The year is drawing to an end and it's time for my annual visit with Steve Kay. He edits and publishes Cattle Buyers Weekly from his aerie in downtown Petaluma, California. Kay is a one-man publishing empire who also writes for the Australia's Beef Central, Western Livestock Journal, MEAT&POULTRY magazine and BEEF TODAY magazine. He's the author of the U.S. Livestock Industry Review, a monthly report on the U.S. beef and pork industries.
He is recognized around the world as an authoritative and impartial observer of the North American meat and livestock industry. Widely quoted in national and publications like the Wall Street Journal, Forbes and Business Week, he also has a radio program on Midwest ag farm radio KRVN, Lexington, Nebraska.
And, once a year, he takes a few minutes out of his incredibly busy schedule to share his views about the cattle industry with me. I posed the questions; he answered succinctly.
Q. Steve, let's talk about the hot topics that will lead us into 2014. First, the herd is the smallest since 1952, with much of the decline caused by several years of devastating drought in our major cow-calf states. Some people are confident the drought has broken and that, with better cattle prices, we are about to embark on some serious rebuilding. Others point to the advancing age of the average rancher and question if he has the desire or the time to rebuild. What's your take?
A. Drought was the main reason for the decline in herd numbers but high input costs and lack of financing have also inhibited herd expansion. The average age of ranchers and their aversion to risk is another factor. I see no evidence of herd rebuilding starting yet although producers might have kept back a few more replacement heifers this year than last. Remember though that the replacement number on January 1 this year was 200,000 head higher than the year before and all these have gone to feeding and slaughter.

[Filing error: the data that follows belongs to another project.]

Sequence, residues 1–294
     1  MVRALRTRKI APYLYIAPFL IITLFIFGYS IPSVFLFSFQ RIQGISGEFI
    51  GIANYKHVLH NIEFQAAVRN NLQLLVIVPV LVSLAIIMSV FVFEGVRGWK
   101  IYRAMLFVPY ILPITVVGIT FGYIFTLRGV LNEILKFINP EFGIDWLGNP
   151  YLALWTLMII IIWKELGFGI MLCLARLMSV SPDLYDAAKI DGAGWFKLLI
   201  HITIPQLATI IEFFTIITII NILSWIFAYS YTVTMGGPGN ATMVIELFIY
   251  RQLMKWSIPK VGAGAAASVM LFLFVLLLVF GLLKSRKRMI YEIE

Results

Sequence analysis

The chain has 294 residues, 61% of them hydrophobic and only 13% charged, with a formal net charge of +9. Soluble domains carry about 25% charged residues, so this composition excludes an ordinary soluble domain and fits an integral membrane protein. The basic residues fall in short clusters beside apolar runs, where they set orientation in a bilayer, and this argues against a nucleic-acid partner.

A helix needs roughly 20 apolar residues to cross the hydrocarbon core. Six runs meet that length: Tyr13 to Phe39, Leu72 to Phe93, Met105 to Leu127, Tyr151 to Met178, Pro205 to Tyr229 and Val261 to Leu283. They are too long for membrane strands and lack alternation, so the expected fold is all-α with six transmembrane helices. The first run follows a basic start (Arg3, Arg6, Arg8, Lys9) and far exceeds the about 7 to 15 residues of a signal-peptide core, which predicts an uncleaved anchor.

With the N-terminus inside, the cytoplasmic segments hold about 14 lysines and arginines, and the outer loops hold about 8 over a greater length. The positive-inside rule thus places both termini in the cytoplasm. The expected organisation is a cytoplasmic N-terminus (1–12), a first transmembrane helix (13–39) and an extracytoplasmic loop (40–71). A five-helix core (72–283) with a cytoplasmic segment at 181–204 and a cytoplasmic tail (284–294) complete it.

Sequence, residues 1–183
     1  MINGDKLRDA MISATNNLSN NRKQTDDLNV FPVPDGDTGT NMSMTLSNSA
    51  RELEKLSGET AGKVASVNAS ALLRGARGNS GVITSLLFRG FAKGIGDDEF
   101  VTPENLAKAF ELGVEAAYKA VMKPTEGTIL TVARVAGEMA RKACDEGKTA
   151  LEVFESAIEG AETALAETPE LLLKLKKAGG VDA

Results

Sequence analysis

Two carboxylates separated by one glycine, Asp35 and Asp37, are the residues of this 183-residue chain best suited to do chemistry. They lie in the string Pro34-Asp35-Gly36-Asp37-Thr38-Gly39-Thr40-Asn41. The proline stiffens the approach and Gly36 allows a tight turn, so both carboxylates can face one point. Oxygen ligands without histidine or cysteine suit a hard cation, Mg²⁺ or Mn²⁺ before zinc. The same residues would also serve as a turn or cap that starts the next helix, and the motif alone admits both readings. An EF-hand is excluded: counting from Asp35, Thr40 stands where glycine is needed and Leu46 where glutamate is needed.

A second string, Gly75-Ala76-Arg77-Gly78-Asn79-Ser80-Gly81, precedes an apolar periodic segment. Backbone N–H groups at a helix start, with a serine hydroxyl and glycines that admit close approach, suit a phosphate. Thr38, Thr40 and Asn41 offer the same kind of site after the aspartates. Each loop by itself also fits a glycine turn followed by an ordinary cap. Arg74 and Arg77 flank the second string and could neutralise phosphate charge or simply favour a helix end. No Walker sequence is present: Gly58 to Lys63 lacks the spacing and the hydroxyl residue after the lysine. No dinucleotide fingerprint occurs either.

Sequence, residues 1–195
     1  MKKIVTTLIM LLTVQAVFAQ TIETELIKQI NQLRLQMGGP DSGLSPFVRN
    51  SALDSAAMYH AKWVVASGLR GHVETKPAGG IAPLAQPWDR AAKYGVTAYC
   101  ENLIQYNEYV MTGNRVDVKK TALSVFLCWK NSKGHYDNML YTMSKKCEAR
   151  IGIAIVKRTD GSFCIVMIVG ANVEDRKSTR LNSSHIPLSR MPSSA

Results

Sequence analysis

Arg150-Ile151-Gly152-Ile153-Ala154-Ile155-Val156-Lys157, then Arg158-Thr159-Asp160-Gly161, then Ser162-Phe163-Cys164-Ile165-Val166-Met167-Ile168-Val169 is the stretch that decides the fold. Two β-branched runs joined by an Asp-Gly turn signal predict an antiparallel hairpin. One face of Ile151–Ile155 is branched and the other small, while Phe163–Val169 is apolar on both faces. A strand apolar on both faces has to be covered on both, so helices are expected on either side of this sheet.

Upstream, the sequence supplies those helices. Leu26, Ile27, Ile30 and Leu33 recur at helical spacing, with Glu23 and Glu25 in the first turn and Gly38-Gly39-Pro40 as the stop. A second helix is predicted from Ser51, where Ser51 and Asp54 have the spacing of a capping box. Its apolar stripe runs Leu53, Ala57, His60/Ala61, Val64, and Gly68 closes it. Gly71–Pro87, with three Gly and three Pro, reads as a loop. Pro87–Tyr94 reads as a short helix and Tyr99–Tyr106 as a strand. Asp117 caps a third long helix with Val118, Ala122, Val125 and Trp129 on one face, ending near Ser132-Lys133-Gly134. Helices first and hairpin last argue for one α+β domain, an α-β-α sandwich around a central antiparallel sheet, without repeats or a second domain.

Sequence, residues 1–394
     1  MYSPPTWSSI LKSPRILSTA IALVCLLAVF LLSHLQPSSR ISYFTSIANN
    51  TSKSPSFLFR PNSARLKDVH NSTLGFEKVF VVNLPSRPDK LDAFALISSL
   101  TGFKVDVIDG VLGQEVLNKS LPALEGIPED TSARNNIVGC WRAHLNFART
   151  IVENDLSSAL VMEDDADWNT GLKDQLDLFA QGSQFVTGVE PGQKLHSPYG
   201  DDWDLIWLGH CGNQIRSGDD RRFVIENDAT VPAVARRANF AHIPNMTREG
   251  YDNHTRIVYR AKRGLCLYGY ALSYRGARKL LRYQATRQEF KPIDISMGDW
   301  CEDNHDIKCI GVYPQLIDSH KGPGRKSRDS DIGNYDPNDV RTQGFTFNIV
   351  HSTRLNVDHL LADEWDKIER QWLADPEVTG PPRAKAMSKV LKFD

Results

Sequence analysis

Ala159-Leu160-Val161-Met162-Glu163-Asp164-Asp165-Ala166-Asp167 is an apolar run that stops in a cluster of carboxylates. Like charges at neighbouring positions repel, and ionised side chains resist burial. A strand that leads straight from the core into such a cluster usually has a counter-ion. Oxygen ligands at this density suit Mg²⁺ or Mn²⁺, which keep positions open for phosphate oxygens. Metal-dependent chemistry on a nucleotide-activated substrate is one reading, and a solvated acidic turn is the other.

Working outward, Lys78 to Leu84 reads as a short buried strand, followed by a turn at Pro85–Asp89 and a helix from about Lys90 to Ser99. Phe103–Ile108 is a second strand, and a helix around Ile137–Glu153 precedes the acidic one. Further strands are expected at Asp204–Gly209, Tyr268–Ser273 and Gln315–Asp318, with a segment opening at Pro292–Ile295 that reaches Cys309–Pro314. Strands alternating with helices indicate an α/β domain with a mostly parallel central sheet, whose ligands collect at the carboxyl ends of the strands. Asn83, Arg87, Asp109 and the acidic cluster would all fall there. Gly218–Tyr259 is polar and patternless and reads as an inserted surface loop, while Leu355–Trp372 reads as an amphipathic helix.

Whether we see an increase in net heifer retention in 2014, i.e., herd growth, will depend on pasture conditions throughout the five largest cow-calf states, the price of calves and feeder cattle, adequate financing to carry that heifer until she has a calf, and other factors. I doubt there will be much herd growth in 2014 because parts of Cow-Calf Country will need at least two years of much improved pasture to encourage producers to increase their stocking rates.
Q. Looking at the next generation of ranchers, we'll need lots of new people to enter the industry as the current crop 'ages out.' Research already shows the oldest group of people in the American work force is farmers and ranchers. Where do we find the next generation and can we do it quickly enough to keep cattle ranching a major part of our agriculture 25 years from now or will we be faced with some major restructuring?